The University of Sydney’s China Studies Centre, The Power Institute and VisAsia, with support from the Art Gallery of New South Wales, are proud to present the third of our Sydney Asian Art Series talks for 2019, with a lecture by Yasufumi Nakamori; Senior Curator of International Art (Photography) at Tate Modern.
ABOUT THE LECTURE
In this lecture, Dr Yasufumi Nakamori will introduce some little known critical aspects of the history of Japanese photography, namely, photographic images and visual culture surrounding selected large-scale earthquakes, from the Nohbi Earthquake in 1891 to the 2011 Tohoku Earthquake. He will pay attention to issues such as technologies, circulation, and the impact of the images, and examine their relationship to collective memory and imaginary projections of a city.
ABOUT THE SPEAKER
Dr Yasufumi Nakamori is Senior Curator, International Art (Photography) at the Tate Modern, London. Originally from Osaka, Nakamori initially studied law at the University of Wisconsin and practiced in New York City before undertaking a second career in art history following 9/11, going on to obtain his PhD in art history from Cornell University. Prior to joining Tate Modern, Nakamori was head of photography and new media at the Minneapolis Institute of Art. From 2008-2016 he was curator of photography at the Museum of Fine Arts, Houston, where his exhibitions included Katsura: Picturing Modernism in Japanese Architecture Photographs by Ishimoto Yasuhiro (2010) and For a New World to Come: Experiments in Japanese Art and Photography, 1968–1979 (2015). His award-winning catalogue Katsura: Picturing Modernism in Japanese Architecture, which documented the collaboration between photographer Yasuhiro Ishimoto and Pritzker prize-winning architect Kenzo Tange.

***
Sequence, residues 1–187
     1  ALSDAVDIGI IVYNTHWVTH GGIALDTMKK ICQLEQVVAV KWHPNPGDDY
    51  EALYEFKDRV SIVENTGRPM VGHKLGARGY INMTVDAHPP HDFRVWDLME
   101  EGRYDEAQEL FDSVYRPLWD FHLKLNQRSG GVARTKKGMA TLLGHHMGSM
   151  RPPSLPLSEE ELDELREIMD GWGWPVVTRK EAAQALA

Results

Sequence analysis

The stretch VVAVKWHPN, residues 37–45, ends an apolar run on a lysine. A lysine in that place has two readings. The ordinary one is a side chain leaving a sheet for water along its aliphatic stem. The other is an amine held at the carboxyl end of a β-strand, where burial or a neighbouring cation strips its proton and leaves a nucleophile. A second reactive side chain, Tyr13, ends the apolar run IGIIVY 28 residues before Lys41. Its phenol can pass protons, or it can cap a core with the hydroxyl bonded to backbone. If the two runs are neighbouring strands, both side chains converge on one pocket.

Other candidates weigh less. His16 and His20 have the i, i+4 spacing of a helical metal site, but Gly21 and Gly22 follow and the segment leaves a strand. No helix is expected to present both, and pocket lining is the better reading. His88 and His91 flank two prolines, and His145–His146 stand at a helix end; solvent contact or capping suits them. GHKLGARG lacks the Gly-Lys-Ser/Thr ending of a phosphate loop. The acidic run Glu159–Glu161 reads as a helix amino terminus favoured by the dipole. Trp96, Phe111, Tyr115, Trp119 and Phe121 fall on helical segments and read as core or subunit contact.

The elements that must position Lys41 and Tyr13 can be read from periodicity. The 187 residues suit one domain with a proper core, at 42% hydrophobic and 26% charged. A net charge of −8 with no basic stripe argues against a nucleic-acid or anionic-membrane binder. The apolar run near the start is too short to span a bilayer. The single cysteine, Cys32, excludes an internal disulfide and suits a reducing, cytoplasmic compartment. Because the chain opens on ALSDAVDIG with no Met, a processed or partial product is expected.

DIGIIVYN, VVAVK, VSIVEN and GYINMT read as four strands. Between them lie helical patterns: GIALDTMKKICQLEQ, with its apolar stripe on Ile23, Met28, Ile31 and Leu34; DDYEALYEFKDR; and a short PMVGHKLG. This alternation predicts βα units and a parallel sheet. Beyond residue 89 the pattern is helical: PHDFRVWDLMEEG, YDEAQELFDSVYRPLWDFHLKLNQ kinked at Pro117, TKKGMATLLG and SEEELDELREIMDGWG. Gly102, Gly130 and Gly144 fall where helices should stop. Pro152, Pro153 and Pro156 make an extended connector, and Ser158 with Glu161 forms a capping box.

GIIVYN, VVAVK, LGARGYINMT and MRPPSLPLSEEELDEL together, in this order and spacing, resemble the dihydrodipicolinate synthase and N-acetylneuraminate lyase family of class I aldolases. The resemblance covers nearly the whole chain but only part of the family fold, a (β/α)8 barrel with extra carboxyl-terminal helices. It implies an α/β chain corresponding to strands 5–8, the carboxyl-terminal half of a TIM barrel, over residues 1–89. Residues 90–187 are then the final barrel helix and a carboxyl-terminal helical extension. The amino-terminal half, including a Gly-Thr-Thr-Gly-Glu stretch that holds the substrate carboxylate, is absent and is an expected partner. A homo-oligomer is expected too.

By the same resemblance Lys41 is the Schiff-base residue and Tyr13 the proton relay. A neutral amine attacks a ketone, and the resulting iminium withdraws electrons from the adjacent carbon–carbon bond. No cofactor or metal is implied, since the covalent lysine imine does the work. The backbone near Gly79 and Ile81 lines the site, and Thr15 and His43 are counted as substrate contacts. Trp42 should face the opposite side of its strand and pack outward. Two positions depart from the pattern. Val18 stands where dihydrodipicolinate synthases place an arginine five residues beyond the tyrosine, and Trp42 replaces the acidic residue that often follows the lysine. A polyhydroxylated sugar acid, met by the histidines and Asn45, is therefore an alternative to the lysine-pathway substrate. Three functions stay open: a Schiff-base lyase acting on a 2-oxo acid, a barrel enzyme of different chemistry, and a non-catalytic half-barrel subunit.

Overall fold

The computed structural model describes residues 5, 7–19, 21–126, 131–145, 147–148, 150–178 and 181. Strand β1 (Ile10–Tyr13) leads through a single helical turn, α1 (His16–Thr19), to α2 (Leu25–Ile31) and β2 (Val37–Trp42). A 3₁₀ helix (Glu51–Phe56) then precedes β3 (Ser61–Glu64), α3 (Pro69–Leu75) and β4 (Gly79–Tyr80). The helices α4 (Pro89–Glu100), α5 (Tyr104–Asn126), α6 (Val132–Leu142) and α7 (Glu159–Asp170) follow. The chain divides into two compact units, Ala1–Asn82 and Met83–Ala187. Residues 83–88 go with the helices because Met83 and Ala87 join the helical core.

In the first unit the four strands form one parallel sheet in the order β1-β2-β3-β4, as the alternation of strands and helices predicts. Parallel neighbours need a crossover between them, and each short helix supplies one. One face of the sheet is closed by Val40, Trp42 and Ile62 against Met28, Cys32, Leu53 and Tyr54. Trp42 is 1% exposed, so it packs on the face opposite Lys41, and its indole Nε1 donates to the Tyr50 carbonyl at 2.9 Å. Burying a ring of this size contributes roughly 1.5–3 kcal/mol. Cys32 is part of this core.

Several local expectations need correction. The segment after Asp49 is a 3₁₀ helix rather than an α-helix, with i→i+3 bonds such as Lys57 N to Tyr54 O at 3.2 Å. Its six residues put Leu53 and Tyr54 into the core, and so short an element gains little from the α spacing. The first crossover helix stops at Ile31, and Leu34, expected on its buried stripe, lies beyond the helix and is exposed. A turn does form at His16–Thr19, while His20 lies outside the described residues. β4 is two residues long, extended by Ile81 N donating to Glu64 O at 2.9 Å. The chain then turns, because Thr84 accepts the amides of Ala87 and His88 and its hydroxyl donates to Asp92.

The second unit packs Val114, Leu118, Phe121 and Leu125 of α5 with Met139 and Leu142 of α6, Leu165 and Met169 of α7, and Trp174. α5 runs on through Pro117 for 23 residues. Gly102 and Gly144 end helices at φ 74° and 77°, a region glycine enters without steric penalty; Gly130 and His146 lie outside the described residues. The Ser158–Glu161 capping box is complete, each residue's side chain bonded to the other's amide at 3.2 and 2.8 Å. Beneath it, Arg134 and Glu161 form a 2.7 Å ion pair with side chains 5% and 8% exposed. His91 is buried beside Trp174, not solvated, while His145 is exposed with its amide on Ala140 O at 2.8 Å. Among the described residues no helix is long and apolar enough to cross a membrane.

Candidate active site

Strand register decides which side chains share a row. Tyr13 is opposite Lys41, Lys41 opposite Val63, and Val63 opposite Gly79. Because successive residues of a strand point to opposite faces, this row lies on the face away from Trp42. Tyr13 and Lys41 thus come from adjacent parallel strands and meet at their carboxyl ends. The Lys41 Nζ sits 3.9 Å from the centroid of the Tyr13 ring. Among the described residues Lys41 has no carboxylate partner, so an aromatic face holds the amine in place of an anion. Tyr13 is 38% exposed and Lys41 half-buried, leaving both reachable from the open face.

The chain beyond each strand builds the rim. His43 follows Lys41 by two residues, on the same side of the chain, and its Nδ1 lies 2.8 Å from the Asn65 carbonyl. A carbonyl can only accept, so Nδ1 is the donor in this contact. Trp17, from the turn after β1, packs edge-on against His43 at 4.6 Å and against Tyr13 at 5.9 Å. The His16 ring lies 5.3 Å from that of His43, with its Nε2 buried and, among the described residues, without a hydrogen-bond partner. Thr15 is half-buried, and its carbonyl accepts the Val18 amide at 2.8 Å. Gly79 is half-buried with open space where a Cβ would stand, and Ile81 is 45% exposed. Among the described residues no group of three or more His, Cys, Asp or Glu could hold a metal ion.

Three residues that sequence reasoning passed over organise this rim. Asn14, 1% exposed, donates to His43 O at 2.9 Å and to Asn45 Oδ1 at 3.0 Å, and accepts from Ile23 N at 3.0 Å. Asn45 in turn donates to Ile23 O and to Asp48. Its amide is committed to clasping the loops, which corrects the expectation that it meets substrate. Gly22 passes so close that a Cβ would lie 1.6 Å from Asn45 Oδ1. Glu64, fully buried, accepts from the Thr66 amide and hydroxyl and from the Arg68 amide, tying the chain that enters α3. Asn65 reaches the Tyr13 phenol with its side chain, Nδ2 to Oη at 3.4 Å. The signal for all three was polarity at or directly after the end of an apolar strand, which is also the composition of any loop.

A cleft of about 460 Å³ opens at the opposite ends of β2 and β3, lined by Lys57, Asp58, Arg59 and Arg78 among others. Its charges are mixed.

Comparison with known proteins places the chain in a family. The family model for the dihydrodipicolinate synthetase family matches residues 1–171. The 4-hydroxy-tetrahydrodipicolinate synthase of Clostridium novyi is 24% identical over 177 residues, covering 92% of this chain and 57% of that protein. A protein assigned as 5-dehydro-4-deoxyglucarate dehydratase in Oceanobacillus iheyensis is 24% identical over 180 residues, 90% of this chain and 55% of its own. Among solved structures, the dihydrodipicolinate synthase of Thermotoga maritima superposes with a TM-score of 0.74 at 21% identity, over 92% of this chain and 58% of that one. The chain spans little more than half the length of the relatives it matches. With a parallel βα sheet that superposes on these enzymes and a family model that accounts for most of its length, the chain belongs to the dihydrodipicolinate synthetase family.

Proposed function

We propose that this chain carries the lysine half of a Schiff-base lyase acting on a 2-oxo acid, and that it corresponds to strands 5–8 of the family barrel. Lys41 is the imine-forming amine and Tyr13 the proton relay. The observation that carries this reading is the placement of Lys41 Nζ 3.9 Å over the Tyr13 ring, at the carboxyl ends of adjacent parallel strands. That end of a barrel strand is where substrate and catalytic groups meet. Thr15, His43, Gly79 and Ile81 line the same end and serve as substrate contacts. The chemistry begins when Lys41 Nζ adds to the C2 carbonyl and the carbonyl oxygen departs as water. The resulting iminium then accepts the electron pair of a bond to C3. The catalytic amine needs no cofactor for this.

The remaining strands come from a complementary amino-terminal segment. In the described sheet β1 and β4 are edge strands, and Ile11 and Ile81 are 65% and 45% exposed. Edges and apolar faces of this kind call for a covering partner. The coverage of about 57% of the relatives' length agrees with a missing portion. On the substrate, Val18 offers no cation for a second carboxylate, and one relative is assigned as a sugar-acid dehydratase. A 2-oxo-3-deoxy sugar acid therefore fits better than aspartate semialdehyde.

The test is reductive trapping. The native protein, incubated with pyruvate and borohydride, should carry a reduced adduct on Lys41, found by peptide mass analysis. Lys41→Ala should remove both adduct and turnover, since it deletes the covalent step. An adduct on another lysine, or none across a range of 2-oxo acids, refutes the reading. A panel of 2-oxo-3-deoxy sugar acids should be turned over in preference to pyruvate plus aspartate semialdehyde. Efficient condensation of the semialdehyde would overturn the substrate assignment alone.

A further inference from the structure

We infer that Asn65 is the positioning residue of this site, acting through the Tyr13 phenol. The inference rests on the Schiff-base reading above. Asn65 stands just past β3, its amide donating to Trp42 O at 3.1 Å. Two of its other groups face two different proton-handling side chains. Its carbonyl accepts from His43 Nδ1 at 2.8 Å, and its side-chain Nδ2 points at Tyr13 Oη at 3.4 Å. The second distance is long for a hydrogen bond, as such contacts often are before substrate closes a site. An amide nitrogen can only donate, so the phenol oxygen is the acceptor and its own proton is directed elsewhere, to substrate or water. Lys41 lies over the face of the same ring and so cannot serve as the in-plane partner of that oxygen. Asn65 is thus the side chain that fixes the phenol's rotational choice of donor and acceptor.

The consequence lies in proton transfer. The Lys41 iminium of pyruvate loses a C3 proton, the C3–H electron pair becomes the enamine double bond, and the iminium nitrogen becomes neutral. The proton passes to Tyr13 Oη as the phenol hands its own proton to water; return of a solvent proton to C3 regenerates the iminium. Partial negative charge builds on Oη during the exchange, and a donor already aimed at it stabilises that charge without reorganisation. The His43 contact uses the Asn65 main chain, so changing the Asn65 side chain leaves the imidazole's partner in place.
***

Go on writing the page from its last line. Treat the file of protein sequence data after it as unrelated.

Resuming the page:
2pm, Saturday 24 August 2019
Art Gallery of NSW
Art Gallery Road
Sydney NSW 2000
Please send further queries to firstname.lastname@example.org
This series of talks and events is co-presented by the University of Sydney’s China Studies Centre, The Power Institute, and VisAsia, with support from the Art Gallery of New South Wales and Sydney Ideas. Originating in and celebrating the very latest and best scholarship in Asian art from around the world, this initiative complements the Art Gallery of New South Wales’ innovative exhibition program in Asian art, and the University of Sydney’s region-leading programs in the arts and cultures of Asia.
Image: Naoya Hatakeyama, 2011.05.02 Takatacho-Morinomaefrom the series Rikuzentakata. Courtesy of the Artist.